Bill in Congress would restore drivers’ per diem tax deduction

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Updated May 4, 2019
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A bill introduced in both the House and the Senate would restore the per diem tax deduction benefit for company drivers that was lost to in the 2017 Tax Cuts and Jobs Act. The deduction saved drivers hundreds — if not thousands — a year in tax liability, depending on how many days a year they worked. The per diem changes instituted by the 2017 law did not affect owner-operators, who can still deduct per diem as a business expense.

The new bill in Congress, dubbed the Tax Fairness for Workers Act, would allow drivers to resume deducting 80 percent of the federal per diem allowance (currently $66 a day) from their annual tax bill, among other small changes to the 2017 tax reform package,. The 2018 tax year, filings for which were due in mid-April, was the first year that drivers could not take the deduction. The bills were introduced by two Democrats from Pennsylvania — Sen. Bob Casey and Rep. Conor Lamb.

Their bills would allow drivers to deduct their per diem only if carriers do not provide per diem reimbursements. There’s been a growing trend, accelerated by the per diem changes in the 2017 Tax Cuts law, for carriers to incorporate per diem pay into drivers’ pay packages, allowing drivers to take advantage of the per diem benefit even if they can’t enter it as an income deduction for tax purposes. Under these pay packages, drivers still receive 80 percent of the per diem rate set by the IRS as tax-free earnings.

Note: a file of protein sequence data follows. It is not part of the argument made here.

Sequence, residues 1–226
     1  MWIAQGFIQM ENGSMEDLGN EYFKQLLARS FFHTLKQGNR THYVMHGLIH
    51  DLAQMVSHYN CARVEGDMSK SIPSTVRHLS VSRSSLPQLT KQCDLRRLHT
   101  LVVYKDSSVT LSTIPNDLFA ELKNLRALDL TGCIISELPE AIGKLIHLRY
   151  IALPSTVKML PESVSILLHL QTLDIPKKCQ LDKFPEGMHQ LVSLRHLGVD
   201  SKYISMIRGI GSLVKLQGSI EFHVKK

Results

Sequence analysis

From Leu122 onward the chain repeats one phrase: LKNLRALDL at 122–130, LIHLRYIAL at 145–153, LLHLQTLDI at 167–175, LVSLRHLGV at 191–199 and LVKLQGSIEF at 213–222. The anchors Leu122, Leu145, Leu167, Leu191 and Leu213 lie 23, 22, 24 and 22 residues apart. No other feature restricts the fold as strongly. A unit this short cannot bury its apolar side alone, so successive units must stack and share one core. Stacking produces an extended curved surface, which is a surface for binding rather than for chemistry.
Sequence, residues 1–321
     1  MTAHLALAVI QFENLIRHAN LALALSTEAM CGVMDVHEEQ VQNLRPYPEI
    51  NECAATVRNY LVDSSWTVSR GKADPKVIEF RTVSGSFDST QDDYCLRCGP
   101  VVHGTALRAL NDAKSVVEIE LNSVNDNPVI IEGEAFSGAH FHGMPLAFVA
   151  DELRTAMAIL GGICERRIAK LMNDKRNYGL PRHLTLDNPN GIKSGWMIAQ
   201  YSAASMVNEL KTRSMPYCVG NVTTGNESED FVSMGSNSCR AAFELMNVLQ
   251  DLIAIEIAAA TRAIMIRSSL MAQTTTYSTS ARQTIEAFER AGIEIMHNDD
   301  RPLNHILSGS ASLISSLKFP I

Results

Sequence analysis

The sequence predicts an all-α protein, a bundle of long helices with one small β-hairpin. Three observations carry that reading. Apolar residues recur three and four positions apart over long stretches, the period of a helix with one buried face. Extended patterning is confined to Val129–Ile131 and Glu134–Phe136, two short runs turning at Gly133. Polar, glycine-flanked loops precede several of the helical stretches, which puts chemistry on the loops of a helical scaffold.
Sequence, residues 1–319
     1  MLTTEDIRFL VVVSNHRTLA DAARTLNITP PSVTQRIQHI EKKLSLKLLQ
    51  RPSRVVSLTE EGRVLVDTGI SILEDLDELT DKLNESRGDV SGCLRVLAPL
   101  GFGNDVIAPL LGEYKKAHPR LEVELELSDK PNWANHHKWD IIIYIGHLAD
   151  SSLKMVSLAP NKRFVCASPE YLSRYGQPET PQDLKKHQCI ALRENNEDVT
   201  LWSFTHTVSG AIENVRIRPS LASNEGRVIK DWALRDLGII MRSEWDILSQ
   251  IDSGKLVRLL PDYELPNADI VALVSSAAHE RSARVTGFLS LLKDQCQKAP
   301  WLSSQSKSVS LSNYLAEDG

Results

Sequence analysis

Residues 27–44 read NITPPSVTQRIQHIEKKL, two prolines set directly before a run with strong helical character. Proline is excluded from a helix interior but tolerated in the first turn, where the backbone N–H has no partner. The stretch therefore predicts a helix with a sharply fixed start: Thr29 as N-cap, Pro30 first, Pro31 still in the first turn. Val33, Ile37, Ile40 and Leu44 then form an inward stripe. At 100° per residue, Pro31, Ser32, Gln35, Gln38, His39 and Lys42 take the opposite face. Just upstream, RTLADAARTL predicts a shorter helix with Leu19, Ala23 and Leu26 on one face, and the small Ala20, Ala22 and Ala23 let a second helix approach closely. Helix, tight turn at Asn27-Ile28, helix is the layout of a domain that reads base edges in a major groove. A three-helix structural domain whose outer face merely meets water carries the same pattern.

Should the bills become law, and under the current $66 per diem rate set by the IRS , drivers would a be able to deduct $52.80 from their annual income for every day they spent working away from home. So if a driver drove five days a week on average, that would equate to an annual deduction of $13,728, which would reduce a drivers’ annual tax bill by $1,300 or more, depending on their annual income. However, drivers could only take that deduction if they chose to skip the standard deduction of $12,000 for individual filers and $24,000 for married couples.

Under the scenario described above, it would make sense for a single filer to take the larger $13,728 deduction, along with any other deductions they may be afforded. Married couples would need to find another $10,272 in deductions to top the $24,000 standard deduction.

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The Senate bill has been filed to the Senate’s Finance Committee, where it has 13 co-sponsors, all of whom are Democrats. The House bill has been filed to the Ways and Means Committee, where it has 12 co-sponsors — 11 Democrats and one Republican.

In addition to restoring per diem pay for truck operators and other transportation workers, the bill would also allow union dues to be deducted from taxable income.